Monday, January 19, 2009

A Day for Kings, Presidents & People

Usually MLK Day has the media short changing the day into soundbitsy clips of the I Have A Dream speech to fit between commercials to do their duty and pay a quick homage. But now all is different. Twelve hours after the strike of midnight on the National Day of Service, a reparation or down payment on his Dream and last expressed wish about the Promised Land when Barack Obama puts his hand on Lincoln's smallish gilt edged Bible and swears an oath to serve as president. What makes the American heart beat remains filled with vast hopes and vital concerns to the rest of the world who will watch and hear a call to serve. Slavery's stains muted America's large bouncing check to reaching that More Perfect Union part of the program, until the morrow and the world will take note.

Odd that the Letter from a Birmingham Jail was a public oped crafted in a cell as a rebuttal against shortsighted black preachers meaning to lower the lofty aims of MLK and by extension the Civil Rights movement. Coverage of MLK Day with grainy images of the mall filled with 250,000 bus riding and marching folks from all over the nation will compare to the almost 1,000,000 who showed up for the We Are One event for the first bi-racial president. An eloquent letter of legacy, published in June of 1963, before the Dream speech that speaks across the decades to another movement filled with youthful vigor on matters of Life & death issues that shall not wait patiently. The glue that binds is based on character and courage. Maya Angelou often states without Courage none of the other Virtues can be practiced.

Martin Luther King Jr responded to a need to serve a seamstress thrown in jail for staying seated on a bus in 1955. Rosa Parks spent her spare time volunteering and serving as secretary for the Montgomery Alabama NAACP. The 21st century is in a deficit in the serving with a dearth of business leaders lapsing into lawless looting from the public funds and private market square. Now people must bridge the yawning gap, with not very many survival skills, to reach the other side except character built by service. Now another person of color with slaveholders in his past stood before Lincoln on the steps urging a call to action to serve with Courage and Characters.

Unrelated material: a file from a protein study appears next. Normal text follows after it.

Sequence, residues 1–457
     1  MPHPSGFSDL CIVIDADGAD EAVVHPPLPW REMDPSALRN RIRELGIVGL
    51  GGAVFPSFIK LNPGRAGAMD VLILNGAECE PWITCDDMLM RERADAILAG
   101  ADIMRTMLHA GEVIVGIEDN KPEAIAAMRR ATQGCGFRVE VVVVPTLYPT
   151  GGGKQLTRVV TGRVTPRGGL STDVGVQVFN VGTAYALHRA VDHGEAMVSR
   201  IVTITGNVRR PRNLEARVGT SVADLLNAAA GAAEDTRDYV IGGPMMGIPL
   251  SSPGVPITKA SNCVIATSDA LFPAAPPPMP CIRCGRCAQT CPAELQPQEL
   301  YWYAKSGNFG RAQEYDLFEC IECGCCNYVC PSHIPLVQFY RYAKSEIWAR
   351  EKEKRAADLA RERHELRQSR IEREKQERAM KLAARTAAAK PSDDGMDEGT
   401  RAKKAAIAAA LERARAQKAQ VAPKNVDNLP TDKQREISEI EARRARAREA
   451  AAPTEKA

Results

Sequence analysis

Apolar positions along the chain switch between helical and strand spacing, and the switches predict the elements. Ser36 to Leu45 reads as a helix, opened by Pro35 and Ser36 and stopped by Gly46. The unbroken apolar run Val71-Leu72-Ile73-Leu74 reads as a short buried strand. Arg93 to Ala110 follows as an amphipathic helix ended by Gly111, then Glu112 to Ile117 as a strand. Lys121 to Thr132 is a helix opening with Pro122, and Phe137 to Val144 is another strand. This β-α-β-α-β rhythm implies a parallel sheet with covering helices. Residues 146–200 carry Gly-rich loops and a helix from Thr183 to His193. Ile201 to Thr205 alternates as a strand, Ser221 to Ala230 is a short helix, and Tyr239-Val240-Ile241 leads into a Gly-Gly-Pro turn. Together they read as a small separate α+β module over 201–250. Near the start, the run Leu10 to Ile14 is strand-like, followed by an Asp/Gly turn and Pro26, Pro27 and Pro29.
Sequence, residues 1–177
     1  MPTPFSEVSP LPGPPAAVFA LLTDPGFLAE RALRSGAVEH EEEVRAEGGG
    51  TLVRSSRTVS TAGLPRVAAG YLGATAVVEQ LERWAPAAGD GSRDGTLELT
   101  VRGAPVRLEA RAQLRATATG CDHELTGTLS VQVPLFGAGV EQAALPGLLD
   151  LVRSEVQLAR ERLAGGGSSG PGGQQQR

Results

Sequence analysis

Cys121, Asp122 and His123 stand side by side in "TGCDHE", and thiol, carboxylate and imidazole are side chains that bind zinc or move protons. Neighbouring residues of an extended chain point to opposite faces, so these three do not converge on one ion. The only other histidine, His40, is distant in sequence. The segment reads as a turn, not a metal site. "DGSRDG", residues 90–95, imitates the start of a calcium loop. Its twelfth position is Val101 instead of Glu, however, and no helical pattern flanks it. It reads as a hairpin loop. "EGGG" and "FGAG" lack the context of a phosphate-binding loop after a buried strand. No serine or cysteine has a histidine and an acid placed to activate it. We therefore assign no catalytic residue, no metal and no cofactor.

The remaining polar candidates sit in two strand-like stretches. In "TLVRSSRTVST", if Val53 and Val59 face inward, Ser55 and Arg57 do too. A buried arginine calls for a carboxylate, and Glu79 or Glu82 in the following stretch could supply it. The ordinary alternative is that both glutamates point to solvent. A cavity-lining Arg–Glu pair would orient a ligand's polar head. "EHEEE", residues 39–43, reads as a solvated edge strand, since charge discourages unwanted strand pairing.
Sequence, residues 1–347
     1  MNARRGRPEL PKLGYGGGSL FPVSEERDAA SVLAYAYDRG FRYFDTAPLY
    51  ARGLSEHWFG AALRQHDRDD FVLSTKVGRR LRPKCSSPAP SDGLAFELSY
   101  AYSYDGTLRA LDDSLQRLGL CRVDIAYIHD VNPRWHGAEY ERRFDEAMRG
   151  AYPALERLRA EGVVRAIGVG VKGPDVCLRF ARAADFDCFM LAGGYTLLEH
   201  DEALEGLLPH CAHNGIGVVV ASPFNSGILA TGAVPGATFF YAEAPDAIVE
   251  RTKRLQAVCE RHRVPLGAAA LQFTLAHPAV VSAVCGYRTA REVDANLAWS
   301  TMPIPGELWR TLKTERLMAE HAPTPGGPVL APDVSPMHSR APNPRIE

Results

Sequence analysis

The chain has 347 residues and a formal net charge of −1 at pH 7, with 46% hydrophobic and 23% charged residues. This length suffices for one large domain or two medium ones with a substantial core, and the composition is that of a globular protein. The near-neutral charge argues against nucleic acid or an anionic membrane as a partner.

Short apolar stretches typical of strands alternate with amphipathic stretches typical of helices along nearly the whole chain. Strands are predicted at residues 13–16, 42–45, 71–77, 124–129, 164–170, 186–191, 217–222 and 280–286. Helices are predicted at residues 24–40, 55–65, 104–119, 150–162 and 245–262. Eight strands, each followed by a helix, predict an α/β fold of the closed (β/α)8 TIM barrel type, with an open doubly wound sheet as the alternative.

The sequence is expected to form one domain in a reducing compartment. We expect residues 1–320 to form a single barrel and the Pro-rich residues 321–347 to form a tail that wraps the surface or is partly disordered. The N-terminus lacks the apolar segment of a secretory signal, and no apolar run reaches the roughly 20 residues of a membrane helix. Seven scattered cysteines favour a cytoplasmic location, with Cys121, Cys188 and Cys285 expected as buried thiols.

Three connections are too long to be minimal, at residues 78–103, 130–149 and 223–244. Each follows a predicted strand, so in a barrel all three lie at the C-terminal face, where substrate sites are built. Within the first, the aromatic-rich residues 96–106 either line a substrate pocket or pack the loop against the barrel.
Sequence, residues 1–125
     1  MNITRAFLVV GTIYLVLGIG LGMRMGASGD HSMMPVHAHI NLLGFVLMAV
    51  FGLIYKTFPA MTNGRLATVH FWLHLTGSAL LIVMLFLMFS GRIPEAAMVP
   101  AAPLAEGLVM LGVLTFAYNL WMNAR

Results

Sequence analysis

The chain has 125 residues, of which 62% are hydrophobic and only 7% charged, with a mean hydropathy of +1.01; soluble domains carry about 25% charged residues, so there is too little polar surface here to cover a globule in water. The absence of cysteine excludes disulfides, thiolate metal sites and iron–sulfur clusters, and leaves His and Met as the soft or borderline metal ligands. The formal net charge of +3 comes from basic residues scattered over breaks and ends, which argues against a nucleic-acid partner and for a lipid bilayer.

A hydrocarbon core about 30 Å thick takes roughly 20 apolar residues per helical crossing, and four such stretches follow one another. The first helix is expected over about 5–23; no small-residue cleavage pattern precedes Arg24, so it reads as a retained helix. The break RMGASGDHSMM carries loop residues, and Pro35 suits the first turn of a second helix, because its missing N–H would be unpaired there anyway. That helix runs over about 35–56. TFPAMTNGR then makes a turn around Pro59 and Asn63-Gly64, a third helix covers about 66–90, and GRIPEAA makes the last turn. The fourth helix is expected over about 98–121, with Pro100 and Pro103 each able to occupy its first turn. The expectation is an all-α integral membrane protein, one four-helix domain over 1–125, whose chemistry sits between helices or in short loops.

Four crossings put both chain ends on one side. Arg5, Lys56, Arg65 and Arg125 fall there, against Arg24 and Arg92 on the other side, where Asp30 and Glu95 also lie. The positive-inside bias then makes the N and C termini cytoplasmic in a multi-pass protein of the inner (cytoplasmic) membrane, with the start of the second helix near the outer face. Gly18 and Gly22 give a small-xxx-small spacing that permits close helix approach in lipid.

Reverend King served from jail many times in the pursuit of Justice as promisedby the Founding documents and the Amendments arising out of the Emancipation Proclamation. Nonviolent with Civil Right's moral compass set on true north. The struggle for equality in the land of the free and home of the brave came via words accompanied by synchronized actions of service to the attention of those who bestow the honor of a Nobel peace prize.

In Oslo, Norway King's Nobel Peace Prize acceptance speech (won through the blood and tears of a 35 year old) acts as another beacon on the scope of international heft focused on USA stated policies and oblivious practices. In the thousand year old Westminster Abbey, atop the Great West Door resides a robed figure carved in King's likeness from marble enshrined in
a pantheon of ten Christians dedicated to Martyr's of the world from the 20th century.

In Occupied Europe, a group of flying guardian Angels, literally, had the crappiest planes they fixed themselves, yet the most distinguished of flying records by winging it on faith and serving with courage to honor the sacrifices in the 1940's. They are known as the Tuskegee Airmen of the 332nd Regiment
Seated near the back of Mount Zion's airy sanctuary, 85-year-old William Booker of Kirkland, a surviving Tuskegee Airman, leaned on his cane and marveled. His grandchildren, Marcus and Brandon, were singing in the children's choir. A few weeks earlier, the president-elect had sent a letter inviting him to the inauguration.

It was a far cry from the years of humiliation Booker and his unit had suffered during and after World War II, demeaned by their own country as inept and too intellectually inferior to be fighter pilots.

The airmen's success in combat in fact contributed to desegregating the military, bolstering a fledgling civil rights movement and broadened acceptance of blacks as leaders.

Last month, Obama wrote to Booker that he had reserved space near the front of the inaugural crowd for the retired Boeing Co. engineer because "he said he was standing on the shoulders of the Tuskegee Airmen," said Booker, whispering hoarsely.
MLK was a young man who was fired up and ready to go. The establishment was doing incremental ism and decided to upbraid the upstart, not for the last time, on what really mattered - patience. King responded with a book on Why We Can't Wait. barack Obama picked up King's message on the fierce urgency of now and the moral arc of the universe is long but it bends towards justice.

Stevie Wonder put forth his patriot's soul, treasure and time and determination towards finally getting a King holiday in 1986 eighteen years after King's assassination. It is fitting that the bridge is music from Stevie that thrilled a campaign at a Jefferson Jackson dinner in Iowa six weeks before a fateful caucus at the end of an astounding speech from Barack Obama. Signed, Sealed, Delivered, he's Ours now as a president in less than 36 hours and all he is seeking to have all serve equally.

Double Pulitzer Prize winner for biographical portrayals of Martin Luther King Jr., Taylor Branch has written the trilogy for eternal reverence and reference.

Parting the Waters: America in the King Years 1954-1963 Pillar of Fire: America in the King Years 1963 - 1965 At Canaan's Edge: America in the King Years, 1965-1968

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